reviewed by Paula Citron
Written by Jean Anouilh
Directed by Chris Abraham
Starring Liisa Repo-Martell, R.H. Thomson, David Storch, Claire Calnan, Maggie Huculak, Jeff Lillico and Jordan Pettle
At the Young Centre until Oct. 17
Soulpepper’s production of Jean Anouilh’s Antigone is absolutely compelling. Chris Abraham is a visionary director who understands how to serve the playwright. Lorenzo Savoini has given him a set and lighting design that equals the drama. The production is dark, deep and intense. It is also absolutely insidious.
Anouilh wrote the play in 1944 during the Nazi occupation of France. His audiences would have understood the underlying themes of duty, responsibility and rebellion. The flashpoint is Antigone’s burial of her brother whom King Creon declared must lie unburied. Anouilh goes far beyond the premise of moral duty to take his characters and actors through a morass of competing philosophies.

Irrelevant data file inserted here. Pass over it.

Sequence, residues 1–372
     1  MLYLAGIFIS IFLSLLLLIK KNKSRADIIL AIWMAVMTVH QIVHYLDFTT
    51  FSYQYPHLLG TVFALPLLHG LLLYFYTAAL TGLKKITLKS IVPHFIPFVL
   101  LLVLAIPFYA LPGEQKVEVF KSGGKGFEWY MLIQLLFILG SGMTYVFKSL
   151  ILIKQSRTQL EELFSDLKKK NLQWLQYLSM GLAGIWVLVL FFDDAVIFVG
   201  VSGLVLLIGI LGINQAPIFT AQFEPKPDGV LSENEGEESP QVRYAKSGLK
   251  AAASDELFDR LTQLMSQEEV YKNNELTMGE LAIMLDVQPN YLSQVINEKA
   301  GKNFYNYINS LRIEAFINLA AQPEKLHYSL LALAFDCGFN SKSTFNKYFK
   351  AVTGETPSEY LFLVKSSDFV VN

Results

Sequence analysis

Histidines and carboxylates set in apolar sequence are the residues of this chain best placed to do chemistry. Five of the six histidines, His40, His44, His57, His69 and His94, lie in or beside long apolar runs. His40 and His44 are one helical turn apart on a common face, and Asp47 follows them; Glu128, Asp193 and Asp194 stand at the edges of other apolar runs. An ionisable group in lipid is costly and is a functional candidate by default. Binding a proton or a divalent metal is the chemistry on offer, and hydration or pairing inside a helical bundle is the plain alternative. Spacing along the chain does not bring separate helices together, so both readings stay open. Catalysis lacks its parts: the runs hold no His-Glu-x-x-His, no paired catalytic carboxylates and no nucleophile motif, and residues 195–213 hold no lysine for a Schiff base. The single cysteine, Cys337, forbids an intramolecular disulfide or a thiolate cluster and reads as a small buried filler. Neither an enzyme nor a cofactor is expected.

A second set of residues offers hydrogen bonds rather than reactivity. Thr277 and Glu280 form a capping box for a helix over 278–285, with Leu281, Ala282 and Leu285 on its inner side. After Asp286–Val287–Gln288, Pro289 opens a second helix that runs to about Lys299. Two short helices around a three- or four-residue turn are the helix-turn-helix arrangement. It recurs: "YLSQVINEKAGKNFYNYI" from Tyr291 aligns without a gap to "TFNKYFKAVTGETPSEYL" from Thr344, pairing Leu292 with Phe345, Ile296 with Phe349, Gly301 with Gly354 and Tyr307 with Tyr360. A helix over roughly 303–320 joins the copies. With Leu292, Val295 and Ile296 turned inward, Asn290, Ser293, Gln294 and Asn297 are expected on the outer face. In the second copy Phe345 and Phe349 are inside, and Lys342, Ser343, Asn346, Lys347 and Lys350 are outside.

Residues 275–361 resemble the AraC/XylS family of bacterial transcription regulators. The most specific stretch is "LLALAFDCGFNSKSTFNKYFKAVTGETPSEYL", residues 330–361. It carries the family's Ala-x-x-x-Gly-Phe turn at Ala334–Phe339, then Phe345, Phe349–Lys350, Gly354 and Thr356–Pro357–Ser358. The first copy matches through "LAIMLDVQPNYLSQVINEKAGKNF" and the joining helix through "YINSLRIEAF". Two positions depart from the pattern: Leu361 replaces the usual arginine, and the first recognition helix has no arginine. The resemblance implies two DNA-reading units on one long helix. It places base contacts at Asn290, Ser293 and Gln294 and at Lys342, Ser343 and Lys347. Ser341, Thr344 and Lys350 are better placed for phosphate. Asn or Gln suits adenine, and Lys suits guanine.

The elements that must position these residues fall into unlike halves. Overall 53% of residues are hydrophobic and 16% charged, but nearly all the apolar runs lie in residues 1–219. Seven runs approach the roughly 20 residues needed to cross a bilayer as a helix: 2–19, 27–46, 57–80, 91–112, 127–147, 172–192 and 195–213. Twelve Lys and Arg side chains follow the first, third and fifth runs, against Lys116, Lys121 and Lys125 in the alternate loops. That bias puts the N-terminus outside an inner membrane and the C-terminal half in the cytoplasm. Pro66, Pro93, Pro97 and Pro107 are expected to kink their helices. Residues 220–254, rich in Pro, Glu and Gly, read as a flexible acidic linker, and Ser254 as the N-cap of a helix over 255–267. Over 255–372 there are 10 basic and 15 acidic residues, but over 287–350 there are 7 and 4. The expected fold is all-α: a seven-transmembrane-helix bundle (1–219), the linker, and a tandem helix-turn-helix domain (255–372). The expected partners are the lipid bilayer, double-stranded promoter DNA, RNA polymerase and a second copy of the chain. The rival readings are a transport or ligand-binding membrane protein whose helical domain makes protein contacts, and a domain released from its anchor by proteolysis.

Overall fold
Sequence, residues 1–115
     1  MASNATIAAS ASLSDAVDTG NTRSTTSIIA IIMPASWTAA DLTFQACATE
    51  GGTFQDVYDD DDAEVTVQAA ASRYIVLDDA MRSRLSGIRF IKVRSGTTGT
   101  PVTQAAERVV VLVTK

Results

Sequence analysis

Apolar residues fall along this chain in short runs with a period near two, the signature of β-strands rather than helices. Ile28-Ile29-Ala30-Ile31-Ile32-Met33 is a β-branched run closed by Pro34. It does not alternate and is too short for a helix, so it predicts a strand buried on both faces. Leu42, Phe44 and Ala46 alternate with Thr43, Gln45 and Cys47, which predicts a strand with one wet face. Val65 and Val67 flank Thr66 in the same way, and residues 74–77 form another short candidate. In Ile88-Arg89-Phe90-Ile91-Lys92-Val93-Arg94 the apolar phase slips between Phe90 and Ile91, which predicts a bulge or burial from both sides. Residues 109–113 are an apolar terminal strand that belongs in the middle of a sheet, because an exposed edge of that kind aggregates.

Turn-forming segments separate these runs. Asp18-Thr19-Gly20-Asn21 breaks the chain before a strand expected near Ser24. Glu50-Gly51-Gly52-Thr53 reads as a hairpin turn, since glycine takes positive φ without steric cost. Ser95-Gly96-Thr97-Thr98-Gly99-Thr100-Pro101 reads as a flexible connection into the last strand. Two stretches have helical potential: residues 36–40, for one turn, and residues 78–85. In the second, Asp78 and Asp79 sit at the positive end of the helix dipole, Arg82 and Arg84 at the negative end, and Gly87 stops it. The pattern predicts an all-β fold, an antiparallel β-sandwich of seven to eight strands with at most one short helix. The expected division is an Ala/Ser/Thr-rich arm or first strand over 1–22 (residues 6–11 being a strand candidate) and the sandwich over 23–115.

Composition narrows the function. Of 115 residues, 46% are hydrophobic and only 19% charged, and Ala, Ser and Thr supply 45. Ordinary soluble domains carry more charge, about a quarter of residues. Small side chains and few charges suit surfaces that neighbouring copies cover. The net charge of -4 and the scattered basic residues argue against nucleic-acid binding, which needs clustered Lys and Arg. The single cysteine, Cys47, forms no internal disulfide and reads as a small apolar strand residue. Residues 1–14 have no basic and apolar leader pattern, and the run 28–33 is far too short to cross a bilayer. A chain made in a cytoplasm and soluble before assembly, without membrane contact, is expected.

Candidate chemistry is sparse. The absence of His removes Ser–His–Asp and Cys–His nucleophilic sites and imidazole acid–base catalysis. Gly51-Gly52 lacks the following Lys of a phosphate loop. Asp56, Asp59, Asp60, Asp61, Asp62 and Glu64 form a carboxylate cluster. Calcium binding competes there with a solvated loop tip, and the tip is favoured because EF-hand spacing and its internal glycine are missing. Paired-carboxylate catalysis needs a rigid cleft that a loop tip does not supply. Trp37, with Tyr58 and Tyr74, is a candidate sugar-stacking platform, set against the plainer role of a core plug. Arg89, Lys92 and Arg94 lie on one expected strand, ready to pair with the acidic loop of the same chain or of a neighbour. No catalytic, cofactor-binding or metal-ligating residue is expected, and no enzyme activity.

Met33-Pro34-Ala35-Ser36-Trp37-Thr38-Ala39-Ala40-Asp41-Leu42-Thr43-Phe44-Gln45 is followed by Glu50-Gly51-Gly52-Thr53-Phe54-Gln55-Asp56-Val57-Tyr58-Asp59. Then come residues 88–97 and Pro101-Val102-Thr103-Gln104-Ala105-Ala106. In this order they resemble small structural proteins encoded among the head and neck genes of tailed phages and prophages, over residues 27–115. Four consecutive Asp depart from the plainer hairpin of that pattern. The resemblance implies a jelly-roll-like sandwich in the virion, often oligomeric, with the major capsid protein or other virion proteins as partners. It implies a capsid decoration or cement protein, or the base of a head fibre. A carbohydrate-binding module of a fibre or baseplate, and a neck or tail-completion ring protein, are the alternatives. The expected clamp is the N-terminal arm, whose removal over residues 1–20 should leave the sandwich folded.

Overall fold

Liisa Repo-Martell as Antigone and R.H. Thomson as Creon lead a strong cast through Anouilh’s twists and turns, making every argument and point of view sound logical.
It is a great debate on ethical behaviour that nobody wins, and should not be missed.
Antigone continues at the Young Centre until Oct. 17.